A darling of NASA and of the general public, the Kepler Space Telescopes, dedicated to looking at extra-solar planets, may be soon ending its run. A recent hardware failure on the Kepler has led experts to give Kepler just one more year.
Kepler had four reaction wheels, which keep Kepler steady and able to focus unerringly at distant stars and planets. Kepler really needs three wheels to achieve this job, but has four just in case. Earlier, in July, 2012, one of these wheels had broken down, putting engineers slightly on the edge. Kepler, however, continued to function as well as it always did.
On 9th May, engineers found Kepler in automatic safe mode, since something was wrong. To their dismay, they found that one of the three remaining wheels had malfunctioned. Kepler’s days seemed numbered.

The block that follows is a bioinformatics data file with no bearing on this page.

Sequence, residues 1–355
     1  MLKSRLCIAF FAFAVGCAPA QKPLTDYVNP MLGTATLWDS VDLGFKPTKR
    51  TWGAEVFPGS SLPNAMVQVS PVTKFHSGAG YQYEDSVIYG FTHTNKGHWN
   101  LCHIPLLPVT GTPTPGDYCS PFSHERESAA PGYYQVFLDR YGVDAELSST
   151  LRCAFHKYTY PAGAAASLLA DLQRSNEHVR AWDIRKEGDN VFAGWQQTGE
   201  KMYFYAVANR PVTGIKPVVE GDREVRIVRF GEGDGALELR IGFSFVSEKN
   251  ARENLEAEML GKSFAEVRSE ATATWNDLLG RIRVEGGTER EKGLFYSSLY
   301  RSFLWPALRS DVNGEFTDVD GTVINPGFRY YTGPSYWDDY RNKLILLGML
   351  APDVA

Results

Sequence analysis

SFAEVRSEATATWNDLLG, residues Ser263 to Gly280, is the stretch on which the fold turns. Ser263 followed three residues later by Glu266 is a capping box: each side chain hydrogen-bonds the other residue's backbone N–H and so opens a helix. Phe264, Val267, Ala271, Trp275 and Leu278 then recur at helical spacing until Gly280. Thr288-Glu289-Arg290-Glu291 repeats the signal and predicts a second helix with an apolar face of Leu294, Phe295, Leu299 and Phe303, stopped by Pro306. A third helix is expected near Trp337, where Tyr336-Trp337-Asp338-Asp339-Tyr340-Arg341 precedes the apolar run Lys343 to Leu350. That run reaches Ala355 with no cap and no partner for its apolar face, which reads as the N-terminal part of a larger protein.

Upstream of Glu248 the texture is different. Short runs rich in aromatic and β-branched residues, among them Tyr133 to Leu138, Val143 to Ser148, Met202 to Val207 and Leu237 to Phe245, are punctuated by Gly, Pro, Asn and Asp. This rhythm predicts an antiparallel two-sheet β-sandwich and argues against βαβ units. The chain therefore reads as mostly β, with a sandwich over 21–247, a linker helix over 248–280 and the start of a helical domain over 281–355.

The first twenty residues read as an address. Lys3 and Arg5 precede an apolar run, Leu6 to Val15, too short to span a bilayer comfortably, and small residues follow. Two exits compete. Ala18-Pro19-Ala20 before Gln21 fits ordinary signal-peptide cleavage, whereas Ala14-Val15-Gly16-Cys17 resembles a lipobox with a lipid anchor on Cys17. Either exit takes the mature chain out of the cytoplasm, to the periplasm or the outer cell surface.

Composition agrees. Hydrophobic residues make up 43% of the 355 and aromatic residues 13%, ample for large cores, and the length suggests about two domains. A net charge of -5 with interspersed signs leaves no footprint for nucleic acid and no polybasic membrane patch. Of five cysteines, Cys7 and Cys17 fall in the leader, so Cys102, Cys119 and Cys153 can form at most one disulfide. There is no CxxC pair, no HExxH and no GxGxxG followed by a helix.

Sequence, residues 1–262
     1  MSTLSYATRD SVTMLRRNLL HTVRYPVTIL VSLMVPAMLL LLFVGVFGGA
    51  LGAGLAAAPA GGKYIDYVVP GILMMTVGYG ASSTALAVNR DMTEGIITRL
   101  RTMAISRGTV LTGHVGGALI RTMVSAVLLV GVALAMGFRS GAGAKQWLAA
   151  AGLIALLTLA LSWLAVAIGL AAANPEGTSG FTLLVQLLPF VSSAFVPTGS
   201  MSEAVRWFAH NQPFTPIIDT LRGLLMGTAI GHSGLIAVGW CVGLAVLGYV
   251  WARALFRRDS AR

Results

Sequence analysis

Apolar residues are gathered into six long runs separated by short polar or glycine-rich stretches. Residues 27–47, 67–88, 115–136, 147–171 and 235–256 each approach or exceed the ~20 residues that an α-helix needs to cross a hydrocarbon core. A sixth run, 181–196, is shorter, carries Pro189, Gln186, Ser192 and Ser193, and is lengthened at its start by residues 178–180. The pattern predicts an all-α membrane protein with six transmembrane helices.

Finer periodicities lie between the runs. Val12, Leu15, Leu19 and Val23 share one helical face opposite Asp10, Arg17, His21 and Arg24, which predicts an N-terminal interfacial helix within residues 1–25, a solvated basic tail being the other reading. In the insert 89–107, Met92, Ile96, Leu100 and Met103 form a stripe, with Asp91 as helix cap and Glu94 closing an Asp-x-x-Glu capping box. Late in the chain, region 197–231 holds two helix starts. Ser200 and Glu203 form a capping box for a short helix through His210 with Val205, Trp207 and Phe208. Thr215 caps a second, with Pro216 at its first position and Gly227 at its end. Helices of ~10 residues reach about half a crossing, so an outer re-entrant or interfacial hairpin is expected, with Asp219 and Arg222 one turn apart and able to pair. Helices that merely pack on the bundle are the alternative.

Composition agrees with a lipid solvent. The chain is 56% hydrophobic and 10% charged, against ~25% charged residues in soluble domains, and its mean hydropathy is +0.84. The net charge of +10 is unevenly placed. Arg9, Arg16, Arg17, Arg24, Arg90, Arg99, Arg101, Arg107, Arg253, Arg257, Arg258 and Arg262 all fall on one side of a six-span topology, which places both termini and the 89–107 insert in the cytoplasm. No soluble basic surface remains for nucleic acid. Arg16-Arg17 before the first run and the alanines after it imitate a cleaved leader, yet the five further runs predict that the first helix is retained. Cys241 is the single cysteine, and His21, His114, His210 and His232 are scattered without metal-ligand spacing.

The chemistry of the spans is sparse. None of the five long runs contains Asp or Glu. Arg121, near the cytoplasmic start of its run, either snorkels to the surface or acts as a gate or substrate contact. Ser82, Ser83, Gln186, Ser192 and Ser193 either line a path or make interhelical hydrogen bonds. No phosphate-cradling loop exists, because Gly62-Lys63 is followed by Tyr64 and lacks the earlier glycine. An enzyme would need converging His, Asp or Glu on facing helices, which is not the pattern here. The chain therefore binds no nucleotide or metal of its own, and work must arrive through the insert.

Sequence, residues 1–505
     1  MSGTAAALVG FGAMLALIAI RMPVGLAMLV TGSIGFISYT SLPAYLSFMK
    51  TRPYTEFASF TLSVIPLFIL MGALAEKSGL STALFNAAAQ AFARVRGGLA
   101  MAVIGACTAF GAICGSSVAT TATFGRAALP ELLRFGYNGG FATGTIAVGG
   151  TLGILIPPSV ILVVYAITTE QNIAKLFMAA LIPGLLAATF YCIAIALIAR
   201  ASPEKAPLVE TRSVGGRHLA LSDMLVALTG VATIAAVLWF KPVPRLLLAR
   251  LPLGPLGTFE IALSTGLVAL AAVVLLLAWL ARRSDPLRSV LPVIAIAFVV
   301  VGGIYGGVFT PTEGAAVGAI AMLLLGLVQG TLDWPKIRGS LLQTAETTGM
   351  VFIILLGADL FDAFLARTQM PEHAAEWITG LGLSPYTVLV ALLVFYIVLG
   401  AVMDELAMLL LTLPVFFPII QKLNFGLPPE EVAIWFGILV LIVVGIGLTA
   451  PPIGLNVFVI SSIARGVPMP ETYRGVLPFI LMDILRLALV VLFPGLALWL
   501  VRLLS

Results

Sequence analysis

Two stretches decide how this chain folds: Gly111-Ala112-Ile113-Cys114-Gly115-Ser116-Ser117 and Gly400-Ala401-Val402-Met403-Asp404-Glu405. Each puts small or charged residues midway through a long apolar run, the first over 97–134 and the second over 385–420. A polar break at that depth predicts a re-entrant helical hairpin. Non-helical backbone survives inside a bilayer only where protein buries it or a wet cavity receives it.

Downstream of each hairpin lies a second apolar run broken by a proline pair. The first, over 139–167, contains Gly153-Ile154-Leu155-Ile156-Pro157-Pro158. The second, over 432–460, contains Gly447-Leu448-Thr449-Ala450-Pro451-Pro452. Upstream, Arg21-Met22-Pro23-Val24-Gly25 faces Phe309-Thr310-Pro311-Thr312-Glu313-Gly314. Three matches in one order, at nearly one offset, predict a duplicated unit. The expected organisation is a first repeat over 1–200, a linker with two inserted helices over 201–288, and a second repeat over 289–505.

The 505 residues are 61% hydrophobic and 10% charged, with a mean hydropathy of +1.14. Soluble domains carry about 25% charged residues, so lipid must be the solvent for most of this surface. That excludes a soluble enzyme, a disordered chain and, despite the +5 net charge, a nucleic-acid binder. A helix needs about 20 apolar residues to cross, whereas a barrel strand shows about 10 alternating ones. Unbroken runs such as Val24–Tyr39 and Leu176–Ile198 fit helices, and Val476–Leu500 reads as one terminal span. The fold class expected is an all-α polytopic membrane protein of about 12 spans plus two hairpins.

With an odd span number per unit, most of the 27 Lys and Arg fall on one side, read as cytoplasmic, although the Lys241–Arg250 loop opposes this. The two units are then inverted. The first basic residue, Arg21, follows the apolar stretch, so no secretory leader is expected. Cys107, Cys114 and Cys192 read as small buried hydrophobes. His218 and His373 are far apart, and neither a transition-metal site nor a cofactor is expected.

Kepler stares at faraway world, shielding its own cameras from the glare of the Sun. However, light from the Sun hits the craft (and, in fact, fuels it) and exerts pressure on it, called radiation pressure. No matter how small this is, this is enough to throw Kepler a bit off its line of sight. And this is where the wheels come in, ensuring that the photons are not the nuisance that they really are.
Engineers are scrambling for ideas to save Kepler. They are trying to use the boosters to compensate for the reaction wheels, but this won’t give the stability that Kepler enjoyed. Its planet watching days may be over.